“In fact, Thaksin and [coup leader] Sonthi [Boonyaratglin] talk together all the time, trying to resolve these problems,” claimed a Thaksin aide, speaking on condition of anonymity. “They know the conflict hurts everyone, so they are talking together to set up a story to make Thailand have a political soft landing. This is the real game; the election is a low-level game.”
“The most difficult part is coming up with something they can tell the public,” the aide added. “They need a good story to tell people so that Thaksin can come back and everyone can be assured that everything is still in the legal process.”
Observers say the signs are encouraging. Thaksin and the PPP have faith that the new army commander, Anupong Paochinda, will reposition the military to be more neutral and stay out of politics. Samak said as much in his press conference, calling him a “good guy” who vowed never to stage a coup.
Part of a deal for Thaksin’s return, the aide said, would be to dissolve a special investigation into the former premier’s business dealings and move those cases to a normal prosecutor. Most charges could then fade away, he said, but a few would be kept to punish Thaksin and keep the public happy.
Thaksin would then need to reaffirm his loyalty to the royal family, which came under question in the run-up to the coup. Thaksin’s perceived threat to King Bhumibol Adulyadej’s popularity was a prime reason the generals booted him out of power.
Although Thaksin has spent the bulk of the past 15 months in London and Hong Kong, his influence is pervasive. His purchase of the Manchester City Football Club has ensured he stays in the headlines, and his deep pockets endear him to Thai lawmakers.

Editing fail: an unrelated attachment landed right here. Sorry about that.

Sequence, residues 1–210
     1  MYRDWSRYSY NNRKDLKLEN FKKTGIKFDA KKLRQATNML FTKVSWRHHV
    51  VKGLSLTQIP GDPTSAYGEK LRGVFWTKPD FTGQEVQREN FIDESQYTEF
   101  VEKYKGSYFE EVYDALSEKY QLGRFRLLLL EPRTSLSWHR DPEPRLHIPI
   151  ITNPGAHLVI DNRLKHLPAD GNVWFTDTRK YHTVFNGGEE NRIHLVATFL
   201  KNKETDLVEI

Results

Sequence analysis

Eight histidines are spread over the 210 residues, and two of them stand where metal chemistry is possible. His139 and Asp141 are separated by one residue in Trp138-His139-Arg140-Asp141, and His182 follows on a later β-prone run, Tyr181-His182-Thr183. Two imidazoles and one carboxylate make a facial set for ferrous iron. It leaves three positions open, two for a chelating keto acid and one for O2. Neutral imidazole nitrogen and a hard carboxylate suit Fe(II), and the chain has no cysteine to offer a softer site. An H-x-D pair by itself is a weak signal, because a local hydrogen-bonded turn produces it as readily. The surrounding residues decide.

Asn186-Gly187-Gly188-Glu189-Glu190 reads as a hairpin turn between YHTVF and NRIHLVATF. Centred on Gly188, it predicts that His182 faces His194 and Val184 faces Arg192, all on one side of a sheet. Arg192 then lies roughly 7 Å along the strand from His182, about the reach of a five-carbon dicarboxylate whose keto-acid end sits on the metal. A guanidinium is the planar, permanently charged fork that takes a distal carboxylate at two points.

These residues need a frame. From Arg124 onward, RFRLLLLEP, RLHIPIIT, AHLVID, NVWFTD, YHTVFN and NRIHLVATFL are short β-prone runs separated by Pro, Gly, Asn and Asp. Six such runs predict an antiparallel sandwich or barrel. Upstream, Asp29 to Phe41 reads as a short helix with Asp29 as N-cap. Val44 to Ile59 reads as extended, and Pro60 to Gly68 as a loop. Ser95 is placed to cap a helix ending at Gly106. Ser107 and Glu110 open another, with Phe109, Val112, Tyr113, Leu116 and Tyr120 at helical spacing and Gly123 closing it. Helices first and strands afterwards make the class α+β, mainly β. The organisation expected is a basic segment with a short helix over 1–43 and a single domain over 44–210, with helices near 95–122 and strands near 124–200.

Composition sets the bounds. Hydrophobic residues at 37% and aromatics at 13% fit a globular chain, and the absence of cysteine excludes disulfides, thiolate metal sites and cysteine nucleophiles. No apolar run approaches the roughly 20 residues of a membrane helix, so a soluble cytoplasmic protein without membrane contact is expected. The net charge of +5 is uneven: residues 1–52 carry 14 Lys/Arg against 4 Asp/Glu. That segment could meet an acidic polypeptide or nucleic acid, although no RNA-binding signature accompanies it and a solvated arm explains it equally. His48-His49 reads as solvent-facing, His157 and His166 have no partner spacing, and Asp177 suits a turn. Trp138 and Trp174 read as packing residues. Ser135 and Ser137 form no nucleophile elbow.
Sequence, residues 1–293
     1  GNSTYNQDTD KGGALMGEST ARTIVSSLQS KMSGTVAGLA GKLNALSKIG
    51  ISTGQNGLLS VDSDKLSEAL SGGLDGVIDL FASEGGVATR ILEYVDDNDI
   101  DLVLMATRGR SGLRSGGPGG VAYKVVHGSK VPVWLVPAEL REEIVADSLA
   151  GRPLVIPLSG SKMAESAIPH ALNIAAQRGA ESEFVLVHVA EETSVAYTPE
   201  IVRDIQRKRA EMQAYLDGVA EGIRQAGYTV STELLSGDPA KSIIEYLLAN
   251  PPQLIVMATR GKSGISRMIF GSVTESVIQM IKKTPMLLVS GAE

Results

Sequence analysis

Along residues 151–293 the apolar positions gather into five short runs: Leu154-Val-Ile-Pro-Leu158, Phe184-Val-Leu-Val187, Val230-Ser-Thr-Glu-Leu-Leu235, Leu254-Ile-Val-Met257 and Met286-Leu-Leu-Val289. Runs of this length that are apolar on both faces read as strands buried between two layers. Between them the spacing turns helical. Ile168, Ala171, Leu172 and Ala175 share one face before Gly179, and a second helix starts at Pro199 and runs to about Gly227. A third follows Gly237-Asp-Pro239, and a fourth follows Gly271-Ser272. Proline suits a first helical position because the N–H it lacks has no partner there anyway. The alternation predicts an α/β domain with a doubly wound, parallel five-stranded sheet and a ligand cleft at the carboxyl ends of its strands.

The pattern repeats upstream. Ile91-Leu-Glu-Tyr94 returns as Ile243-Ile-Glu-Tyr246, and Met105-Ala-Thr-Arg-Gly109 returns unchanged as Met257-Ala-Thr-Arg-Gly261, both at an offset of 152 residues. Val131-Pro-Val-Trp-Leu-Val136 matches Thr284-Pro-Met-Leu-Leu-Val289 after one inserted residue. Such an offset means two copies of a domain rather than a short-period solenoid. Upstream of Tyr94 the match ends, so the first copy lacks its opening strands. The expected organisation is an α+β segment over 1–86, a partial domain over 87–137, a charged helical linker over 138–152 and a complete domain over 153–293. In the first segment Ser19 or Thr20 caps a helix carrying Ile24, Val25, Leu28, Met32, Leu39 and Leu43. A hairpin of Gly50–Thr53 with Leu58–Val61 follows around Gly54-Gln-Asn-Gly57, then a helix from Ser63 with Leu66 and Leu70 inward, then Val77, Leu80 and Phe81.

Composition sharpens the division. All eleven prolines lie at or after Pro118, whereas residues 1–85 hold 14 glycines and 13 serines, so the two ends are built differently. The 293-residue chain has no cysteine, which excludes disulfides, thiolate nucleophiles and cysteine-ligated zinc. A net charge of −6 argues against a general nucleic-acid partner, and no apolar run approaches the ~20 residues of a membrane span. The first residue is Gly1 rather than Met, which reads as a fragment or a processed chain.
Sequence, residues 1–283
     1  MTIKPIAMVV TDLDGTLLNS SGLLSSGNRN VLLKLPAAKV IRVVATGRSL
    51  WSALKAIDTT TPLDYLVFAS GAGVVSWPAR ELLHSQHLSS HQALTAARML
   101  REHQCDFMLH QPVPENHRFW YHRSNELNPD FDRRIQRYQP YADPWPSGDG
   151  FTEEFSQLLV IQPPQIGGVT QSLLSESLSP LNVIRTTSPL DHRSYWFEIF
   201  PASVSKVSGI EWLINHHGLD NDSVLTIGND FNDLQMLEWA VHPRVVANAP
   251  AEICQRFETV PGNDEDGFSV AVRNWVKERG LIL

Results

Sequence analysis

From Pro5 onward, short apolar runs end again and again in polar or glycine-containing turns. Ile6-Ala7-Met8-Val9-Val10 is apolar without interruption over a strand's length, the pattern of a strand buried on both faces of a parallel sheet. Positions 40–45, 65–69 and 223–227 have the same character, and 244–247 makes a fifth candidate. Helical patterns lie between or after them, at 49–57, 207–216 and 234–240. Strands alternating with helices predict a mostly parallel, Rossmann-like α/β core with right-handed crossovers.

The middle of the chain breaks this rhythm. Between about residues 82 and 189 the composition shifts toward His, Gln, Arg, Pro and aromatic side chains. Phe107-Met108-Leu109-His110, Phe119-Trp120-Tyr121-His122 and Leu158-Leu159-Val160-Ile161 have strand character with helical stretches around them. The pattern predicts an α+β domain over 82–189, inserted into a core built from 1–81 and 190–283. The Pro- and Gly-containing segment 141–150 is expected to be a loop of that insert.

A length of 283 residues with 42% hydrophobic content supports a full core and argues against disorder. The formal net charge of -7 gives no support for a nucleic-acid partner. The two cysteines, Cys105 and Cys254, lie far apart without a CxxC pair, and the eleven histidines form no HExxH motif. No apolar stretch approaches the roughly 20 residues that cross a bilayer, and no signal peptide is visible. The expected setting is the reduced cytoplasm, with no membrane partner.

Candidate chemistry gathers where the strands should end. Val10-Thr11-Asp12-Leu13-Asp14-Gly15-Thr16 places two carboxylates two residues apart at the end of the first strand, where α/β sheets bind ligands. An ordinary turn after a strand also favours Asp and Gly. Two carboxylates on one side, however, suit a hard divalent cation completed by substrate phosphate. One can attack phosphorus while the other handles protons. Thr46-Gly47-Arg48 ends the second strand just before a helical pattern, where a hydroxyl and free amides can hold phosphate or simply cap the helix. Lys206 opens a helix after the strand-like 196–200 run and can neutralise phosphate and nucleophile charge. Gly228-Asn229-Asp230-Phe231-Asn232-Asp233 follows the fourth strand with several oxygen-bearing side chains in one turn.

“I don’t think Thaksin needs to be prime minister; he’s beyond that now but he still likes to control the game,” the aide said. “He still wants to have influence in both the political and economic sphere. Remember he still needs to get his money back.”
Any deal would also have to ensure that neither Thaksin nor the PPP retaliate against the military. The party has said it won’t do so, but it’s unclear if the generals would trust them.
“The military is not quite sure that Thaksin would commit to what they agree to,” the aide said. “Nobody can guarantee anything.”
Many expect the next government’s tenure to be short. The PPP will try to put Samak up as prime minister, but if that triggers a public backlash the party may offer the top spot to a coalition partner. They could align with every party except the Democrats. In a testimony to the fickle nature of Thai politics, the group seems certain to link up with Matchimathippitai, which is led by key anti-Thaksin financier Prachai Leophairatana, who was not elected.
If the Prem-linked Pua Paendin joins the coalition it may signal a détente. Chat Thai may also join. Both parties saw their bargaining positions weaken considerably with the poorer-than-expected results.
As for the state of Thai democracy, the next year could represent a collective step forward or simply more of the same. Certainly it would be hard for the military to justify another coup based on high-minded principles of democracy, particularly after the debacle of the past year.
Some analysts believe this election may finally persuade the elites that supported the coup to accept the reality of a changed political landscape. But that process won’t be easy.
“I think what we’re seeing over these past couple of years is that the Thai elite has become disillusioned with democracy because Thaksin opened up the possibility that the poor can have some say in politics, and they don’t like that,” said Giles from Chulalongkorn University. “To develop democracy, civil society will have to push against the Thai elite. It’s going to take some time to educate the elites about the benefits of democracy.”